Wednesday, July 01, 2009

 

Do they even teach Honduras law at Harvard?

I am well aware that our president is a Harvard Law graduate, our Secretary of State is a Yale Law graduate and that supposedly all of that is somehow significant when they opine on legal matters. But the Administration's knee-jerk reaction to the events in Honduras reflects little appreciation for the facts on the ground. President Obama needs to explain why his understanding of Honduran law runs counter to that of just about every significant institution in Honduras and why his is the wiser.

….however, in their defense, they could just be relying on bad analysis…

…which is just my cheap way to segue into a latest effort by Scott Wilson of the Washington Post:

Ousted Honduran President Plans Return But Future Is Unclear

“Honduran President Manuel Zelaya is preparing to return to his country, days after the military pushed him from office and into exile…For one, Honduras is scheduled to hold presidential elections in November, and Zelaya is prohibited from running again (a restriction he was trying to change before his ouster).

“Zelaya's popularity is well below that of Chávez and Aristide, who at the time of their ousters, both enjoyed enormous support from an ardent group of followers. But, given the military's intervention, it appears to be high enough among the poor to give him a chance of winning a referendum allowing for a second term. They stepped in on the day that a nonbinding resolution to begin that process was scheduled.”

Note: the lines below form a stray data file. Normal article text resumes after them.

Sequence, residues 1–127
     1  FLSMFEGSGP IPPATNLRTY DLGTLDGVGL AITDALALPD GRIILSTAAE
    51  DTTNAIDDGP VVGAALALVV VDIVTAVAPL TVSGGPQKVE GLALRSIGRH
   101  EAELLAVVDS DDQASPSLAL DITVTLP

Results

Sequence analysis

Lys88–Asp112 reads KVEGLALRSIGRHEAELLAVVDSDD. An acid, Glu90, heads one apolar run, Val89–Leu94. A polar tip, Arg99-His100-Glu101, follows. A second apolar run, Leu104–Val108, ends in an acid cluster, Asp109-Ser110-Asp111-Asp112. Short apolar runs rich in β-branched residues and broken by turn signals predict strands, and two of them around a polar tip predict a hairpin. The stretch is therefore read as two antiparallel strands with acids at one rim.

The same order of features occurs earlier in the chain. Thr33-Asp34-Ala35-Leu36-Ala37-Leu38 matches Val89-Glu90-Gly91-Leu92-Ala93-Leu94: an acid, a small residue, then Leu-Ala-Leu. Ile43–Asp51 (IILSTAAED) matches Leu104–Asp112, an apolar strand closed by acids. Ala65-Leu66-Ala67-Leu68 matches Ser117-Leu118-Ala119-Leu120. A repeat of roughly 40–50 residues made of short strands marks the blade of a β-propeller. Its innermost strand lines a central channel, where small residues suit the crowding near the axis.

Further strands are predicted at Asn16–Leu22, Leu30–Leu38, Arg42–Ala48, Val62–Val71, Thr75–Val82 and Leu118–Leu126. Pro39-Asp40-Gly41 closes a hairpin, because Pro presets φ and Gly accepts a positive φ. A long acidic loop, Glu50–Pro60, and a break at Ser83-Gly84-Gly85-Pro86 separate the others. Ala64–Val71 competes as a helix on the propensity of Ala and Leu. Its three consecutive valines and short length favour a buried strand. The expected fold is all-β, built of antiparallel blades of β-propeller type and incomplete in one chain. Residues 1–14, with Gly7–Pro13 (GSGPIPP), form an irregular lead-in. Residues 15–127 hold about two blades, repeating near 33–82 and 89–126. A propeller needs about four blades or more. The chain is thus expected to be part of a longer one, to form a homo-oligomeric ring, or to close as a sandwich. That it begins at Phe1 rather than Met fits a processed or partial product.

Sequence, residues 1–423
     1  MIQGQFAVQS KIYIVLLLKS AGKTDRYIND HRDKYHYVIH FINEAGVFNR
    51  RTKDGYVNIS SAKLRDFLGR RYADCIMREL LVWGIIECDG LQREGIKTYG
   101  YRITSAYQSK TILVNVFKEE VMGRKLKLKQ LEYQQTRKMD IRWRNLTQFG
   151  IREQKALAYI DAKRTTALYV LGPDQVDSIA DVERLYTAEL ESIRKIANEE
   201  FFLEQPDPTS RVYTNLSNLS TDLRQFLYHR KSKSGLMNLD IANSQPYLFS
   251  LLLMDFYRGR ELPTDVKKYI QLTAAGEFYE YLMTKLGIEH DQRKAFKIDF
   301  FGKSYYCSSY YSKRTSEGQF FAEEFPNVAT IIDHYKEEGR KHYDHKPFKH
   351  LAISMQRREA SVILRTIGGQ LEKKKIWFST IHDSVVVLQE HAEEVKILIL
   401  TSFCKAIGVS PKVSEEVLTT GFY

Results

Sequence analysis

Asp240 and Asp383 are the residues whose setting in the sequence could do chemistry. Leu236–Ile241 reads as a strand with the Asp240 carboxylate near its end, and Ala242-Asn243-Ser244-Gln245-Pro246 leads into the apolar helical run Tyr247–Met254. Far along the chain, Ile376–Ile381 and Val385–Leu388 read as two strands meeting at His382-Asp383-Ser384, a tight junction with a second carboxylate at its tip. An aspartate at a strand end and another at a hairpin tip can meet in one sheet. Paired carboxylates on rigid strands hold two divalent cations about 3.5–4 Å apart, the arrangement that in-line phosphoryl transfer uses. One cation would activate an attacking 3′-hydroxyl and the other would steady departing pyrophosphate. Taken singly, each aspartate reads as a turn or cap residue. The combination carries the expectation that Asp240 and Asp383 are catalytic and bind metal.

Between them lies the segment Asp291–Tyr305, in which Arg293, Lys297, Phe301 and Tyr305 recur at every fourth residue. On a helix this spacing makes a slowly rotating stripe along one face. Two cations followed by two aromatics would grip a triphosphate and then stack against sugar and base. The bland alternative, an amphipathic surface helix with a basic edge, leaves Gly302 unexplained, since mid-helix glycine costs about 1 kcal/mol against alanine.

Remarkably, Mr. Wilson’s “analysis” fails to mention a few key points that should alter anyone’s understanding of the Honduras situation:

1. Then-president Zelaya had been embarking on a series of deemed unconstitutional actions – from running a referendum to possibly allow for his re-election to firing the head of the military.

2. The military didn’t just decide to take out Mr. Zelaya on a whim. They were ordered to by the Honduras Supreme Court.

3. The “unelected successor” (as Mr. Wilson refers to him) is Roberto Micheletti. He is not a member of the military but is instead the president of their Congress and was unanimously chosen by their Congress to complete Mr. Zelaya’s term (and the two belong to the same political party).

But anyone relying on Scott Wilson for their understanding of what is going on down there remains decidedly ignorant of the situation. Please Mr. President, stop relying on the likes of Scott Wilson and instead adopt the sage advice of Charles Krauthammer:

“Look, a rule of thumb here is whenever you find yourself on the side of Hugo Chavez, Daniel Ortega, and the Castro twins, you ought to reexamine your assumptions.”

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